"This baseline descriptive study … may help inform efforts to respond to the complex pressures facing the surgical profession, including the ability to attract and retain increasingly diverse general surgery residents and the projected shortage of general surgeons in the coming decades," the authors conclude.


Story Source:

The above story is based on materials provided by JAMA and Archives Journals. Note: Materials may be edited for content and length.


Journal Reference:

  1. Heather Yeo; Kate Viola; David Berg; Zhenqiu Lin; Marcella Nunez-Smith; Cortland Cammann; Richard H. Bell, Jr; Julie Ann Sosa; Harlan M. Krumholz; Leslie A. Curry. Attitudes, Training Experiences, and Professional Expectations of US General Surgery Residents: A National Survey. JAMA, 2009; 302 (12): 1301-1308 [link]

Cite This Page:

JAMA and Archives Journals. "Surgery Residents Satisfied With Training, Concerned With Confidence, Career Motivation." ScienceDaily. ScienceDaily, 22 September 2009. <www.sciencedaily.com/releases/2009/09/090922162255.htm>.
JAMA and Archives Journals. (2009, September 22). Surgery Residents Satisfied With Training, Concerned With Confidence, Career Motivation. ScienceDaily. Retrieved November 26, 2014 from www.sciencedaily.com/releases/2009/09/090922162255.htm
JAMA and Archives Journals. "Surgery Residents Satisfied With Training, Concerned With Confidence, Career Motivation." ScienceDaily. www.sciencedaily.com/releases/2009/09/090922162255.htm (accessed November 26, 2014).

Share This


More From ScienceDaily



More Health & Medicine News

Wednesday, November 26, 2014

Featured Research

from universities, journals, and other organizations


Featured Videos

from AP, Reuters, AFP, and other news services

Pet Dogs to Be Used in Anti-Ageing Trial

Pet Dogs to Be Used in Anti-Ageing Trial

Reuters - Innovations Video Online (Nov. 26, 2014) Researchers in the United States are preparing to discover whether a drug commonly used in human organ transplants can extend the lifespan and health quality of pet dogs. Video provided by Reuters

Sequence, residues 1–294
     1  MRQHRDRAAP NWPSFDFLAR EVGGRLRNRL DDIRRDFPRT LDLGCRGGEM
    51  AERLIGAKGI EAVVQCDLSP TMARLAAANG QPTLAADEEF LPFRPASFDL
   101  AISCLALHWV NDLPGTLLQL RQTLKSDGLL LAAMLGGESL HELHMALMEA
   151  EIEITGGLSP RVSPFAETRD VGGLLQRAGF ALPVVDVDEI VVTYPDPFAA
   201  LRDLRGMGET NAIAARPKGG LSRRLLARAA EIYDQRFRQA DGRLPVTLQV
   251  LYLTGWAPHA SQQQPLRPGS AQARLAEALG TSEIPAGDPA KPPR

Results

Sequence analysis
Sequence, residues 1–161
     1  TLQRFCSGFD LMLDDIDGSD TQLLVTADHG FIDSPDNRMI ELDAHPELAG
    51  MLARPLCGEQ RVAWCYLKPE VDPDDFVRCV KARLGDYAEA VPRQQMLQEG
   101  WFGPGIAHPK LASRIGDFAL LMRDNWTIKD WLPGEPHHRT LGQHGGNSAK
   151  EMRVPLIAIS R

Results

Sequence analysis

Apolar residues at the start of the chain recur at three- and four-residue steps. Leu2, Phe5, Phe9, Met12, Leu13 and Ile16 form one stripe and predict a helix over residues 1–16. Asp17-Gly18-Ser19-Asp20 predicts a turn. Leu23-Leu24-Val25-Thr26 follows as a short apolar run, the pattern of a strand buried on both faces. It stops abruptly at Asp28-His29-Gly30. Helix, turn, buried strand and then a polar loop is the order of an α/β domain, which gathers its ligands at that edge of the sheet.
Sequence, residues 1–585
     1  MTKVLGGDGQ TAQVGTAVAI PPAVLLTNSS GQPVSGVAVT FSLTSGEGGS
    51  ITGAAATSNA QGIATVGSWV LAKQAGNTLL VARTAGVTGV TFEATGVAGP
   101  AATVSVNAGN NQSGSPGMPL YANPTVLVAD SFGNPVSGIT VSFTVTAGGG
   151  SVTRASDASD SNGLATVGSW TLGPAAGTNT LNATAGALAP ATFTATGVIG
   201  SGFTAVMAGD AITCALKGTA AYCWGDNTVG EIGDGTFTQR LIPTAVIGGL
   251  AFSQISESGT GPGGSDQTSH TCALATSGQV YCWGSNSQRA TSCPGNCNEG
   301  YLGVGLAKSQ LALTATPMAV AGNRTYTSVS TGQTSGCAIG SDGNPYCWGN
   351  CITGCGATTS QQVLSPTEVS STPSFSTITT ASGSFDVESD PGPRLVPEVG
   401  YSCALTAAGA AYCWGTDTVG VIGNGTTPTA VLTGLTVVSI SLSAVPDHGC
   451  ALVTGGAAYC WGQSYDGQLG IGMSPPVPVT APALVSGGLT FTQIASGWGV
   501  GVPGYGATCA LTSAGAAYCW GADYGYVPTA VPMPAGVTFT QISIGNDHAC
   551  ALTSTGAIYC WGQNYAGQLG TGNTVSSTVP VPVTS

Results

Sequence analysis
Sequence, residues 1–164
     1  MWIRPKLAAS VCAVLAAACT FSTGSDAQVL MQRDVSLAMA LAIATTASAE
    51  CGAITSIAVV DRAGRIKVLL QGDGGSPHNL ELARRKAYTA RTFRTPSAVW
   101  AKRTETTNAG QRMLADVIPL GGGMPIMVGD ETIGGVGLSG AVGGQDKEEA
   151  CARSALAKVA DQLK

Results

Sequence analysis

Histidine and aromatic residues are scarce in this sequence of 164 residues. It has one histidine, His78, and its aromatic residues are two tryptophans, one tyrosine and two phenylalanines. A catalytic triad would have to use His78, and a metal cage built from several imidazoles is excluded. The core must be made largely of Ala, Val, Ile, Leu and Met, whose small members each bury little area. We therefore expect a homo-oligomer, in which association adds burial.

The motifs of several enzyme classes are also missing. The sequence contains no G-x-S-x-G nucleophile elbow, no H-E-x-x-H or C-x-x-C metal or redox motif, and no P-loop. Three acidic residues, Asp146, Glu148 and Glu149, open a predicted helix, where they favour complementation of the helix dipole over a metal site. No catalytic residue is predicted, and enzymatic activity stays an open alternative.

Powered by NewsLook.com
Today's Prostheses Are More Capable Than Ever

Today's Prostheses Are More Capable Than Ever

Newsy (Nov. 26, 2014) Advances in prosthetics are making replacement body parts stronger and more lifelike than they’ve ever been. Video provided by Newsy
Powered by NewsLook.com
From Popcorn To Vending Snacks: FDA Ups Calorie Count Rules

From Popcorn To Vending Snacks: FDA Ups Calorie Count Rules

Newsy (Nov. 25, 2014) The US FDA is announcing new calorie rules on Tuesday that will require everywhere from theaters to vending machines to include calorie counts. Video provided by Newsy
Powered by NewsLook.com
Daily Serving Of Yogurt Could Reduce Risk Of Type 2 Diabetes

Daily Serving Of Yogurt Could Reduce Risk Of Type 2 Diabetes

Newsy (Nov. 25, 2014) Need another reason to eat yogurt every day? Researchers now say it could reduce a person's risk of developing type 2 diabetes. Video provided by Newsy
Powered by NewsLook.com

Search ScienceDaily

Number of stories in archives: 140,361

Find with keyword(s):
Enter a keyword or phrase to search ScienceDaily for related topics and research stories.

Save/Print:
Share:

Breaking News:

Strange & Offbeat Stories


Health & Medicine

Mind & Brain

Living & Well

In Other News

... from NewsDaily.com

Science News

Health News

Environment News

Technology News



Save/Print:
Share:

Free Subscriptions


Get the latest science news with ScienceDaily's free email newsletters, updated daily and weekly. Or view hourly updated newsfeeds in your RSS reader:

Get Social & Mobile


Keep up to date with the latest news from ScienceDaily via social networks and mobile apps:

Have Feedback?


Tell us what you think of ScienceDaily -- we welcome both positive and negative comments. Have any problems using the site? Questions?
Mobile: iPhone Android Web
Follow: Facebook Twitter Google+
Subscribe: RSS Feeds Email Newsletters
Latest Headlines Health & Medicine Mind & Brain Space & Time Matter & Energy Computers & Math Plants & Animals Earth & Climate Fossils & Ruins